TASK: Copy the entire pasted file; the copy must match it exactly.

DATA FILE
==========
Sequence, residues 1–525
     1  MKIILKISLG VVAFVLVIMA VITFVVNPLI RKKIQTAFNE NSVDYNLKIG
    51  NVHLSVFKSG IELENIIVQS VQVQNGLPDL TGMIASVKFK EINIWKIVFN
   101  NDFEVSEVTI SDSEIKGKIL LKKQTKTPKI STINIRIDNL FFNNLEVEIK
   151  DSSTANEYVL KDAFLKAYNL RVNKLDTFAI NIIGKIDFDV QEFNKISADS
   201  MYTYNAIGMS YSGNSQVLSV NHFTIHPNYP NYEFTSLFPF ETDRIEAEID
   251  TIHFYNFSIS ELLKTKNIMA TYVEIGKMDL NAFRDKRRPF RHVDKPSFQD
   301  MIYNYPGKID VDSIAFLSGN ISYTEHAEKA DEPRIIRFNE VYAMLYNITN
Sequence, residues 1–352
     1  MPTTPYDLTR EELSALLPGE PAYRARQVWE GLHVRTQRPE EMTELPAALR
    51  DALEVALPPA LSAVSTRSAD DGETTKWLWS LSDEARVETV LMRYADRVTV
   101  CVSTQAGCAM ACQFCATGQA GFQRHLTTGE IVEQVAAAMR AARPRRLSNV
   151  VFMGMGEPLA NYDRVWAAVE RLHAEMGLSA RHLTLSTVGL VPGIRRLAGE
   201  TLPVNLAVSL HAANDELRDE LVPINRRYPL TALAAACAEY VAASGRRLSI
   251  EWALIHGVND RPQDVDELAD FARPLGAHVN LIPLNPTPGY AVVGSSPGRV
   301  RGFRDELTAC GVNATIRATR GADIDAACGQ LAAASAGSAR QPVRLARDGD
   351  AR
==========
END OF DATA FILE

Sequence, residues 1–525
     1  MKIILKISLG VVAFVLVIMA VITFVVNPLI RKKIQTAFNE NSVDYNLKIG
    51  NVHLSVFKSG IELENIIVQS VQVQNGLPDL TGMIASVKFK EINIWKIVFN
   101  NDFEVSEVTI SDSEIKGKIL LKKQTKTPKI STINIRIDNL FFNNLEVEIK
   151  DSSTANEYVL KDAFLKAYNL RVNKLDTFAI NIIGKIDFDV QEFNKISADS
   201  MYTYNAIGMS YSGNSQVLSV NHFTIHPNYP NYEFTSLFPF ETDRIEAEID
   251  TIHFYNFSIS ELLKTKNIMA TYVEIGKMDL NAFRDKRRPF RHVDKPSFQD
   301  MIYNYPGKID VDSIAFLSGN ISYTEHAEKA DEPRIIRFNE VYAMLYNITN
Sequence, residues 1–352
     1  MPTTPYDLTR EELSALLPGE PAYRARQVWE GLHVRTQRPE EMTELPAALR
    51  DALEVALPPA LSAVSTRSAD DGETTKWLWS LSDEARVETV LMRYADRVTV
   101  CVSTQAGCAM ACQFCATGQA GFQRHLTTGE IVEQVAAAMR AARPRRLSNV
   151  VFMGMGEPLA NYDRVWAAVE RLHAEMGLSA RHLTLSTVGL VPGIRRLAGE
   201  TLPVNLAVSL HAANDELRDE LVPINRRYPL TALAAACAEY VAASGRRLSI
   251  EWALIHGVND RPQDVDELAD FARPLGAHVN LIPLNPTPGY AVVGSSPGRV
   301  RGFRDELTAC GVNATIRATR GADIDAACGQ LAAASAGSAR QPVRLARDGD
   351  AR